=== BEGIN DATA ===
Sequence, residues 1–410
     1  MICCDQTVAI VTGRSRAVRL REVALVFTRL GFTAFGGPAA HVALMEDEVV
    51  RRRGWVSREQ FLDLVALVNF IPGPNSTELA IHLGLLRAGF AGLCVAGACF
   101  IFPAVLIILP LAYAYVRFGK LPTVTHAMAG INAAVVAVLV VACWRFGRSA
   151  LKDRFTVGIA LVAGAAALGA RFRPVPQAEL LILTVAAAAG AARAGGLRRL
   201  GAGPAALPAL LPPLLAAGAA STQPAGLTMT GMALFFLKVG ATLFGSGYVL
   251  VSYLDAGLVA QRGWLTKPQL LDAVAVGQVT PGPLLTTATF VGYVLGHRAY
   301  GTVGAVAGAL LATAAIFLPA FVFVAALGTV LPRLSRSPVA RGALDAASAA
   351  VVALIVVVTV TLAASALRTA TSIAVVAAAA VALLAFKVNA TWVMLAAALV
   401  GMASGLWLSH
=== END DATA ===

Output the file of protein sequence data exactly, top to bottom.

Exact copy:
Sequence, residues 1–410
     1  MICCDQTVAI VTGRSRAVRL REVALVFTRL GFTAFGGPAA HVALMEDEVV
    51  RRRGWVSREQ FLDLVALVNF IPGPNSTELA IHLGLLRAGF AGLCVAGACF
   101  IFPAVLIILP LAYAYVRFGK LPTVTHAMAG INAAVVAVLV VACWRFGRSA
   151  LKDRFTVGIA LVAGAAALGA RFRPVPQAEL LILTVAAAAG AARAGGLRRL
   201  GAGPAALPAL LPPLLAAGAA STQPAGLTMT GMALFFLKVG ATLFGSGYVL
   251  VSYLDAGLVA QRGWLTKPQL LDAVAVGQVT PGPLLTTATF VGYVLGHRAY
   301  GTVGAVAGAL LATAAIFLPA FVFVAALGTV LPRLSRSPVA RGALDAASAA
   351  VVALIVVVTV TLAASALRTA TSIAVVAAAA VALLAFKVNA TWVMLAAALV
   401  GMASGLWLSH